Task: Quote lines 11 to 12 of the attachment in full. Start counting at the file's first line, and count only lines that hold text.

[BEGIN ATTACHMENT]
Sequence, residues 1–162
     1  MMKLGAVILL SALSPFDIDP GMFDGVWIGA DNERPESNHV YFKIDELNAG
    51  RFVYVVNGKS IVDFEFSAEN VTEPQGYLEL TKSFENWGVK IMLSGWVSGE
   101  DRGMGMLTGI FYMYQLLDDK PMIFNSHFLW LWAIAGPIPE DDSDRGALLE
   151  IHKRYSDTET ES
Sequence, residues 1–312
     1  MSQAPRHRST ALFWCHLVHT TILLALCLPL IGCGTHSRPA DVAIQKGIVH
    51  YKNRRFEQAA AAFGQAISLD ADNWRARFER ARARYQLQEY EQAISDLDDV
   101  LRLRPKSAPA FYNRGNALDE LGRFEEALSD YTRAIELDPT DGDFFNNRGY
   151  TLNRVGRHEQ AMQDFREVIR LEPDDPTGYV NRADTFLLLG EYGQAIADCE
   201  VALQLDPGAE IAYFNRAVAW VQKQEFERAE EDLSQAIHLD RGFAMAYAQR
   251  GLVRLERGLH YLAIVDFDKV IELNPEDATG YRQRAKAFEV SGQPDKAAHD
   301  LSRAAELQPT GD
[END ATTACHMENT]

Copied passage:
   201  VALQLDPGAE IAYFNRAVAW VQKQEFERAE EDLSQAIHLD RGFAMAYAQR
   251  GLVRLERGLH YLAIVDFDKV IELNPEDATG YRQRAKAFEV SGQPDKAAHD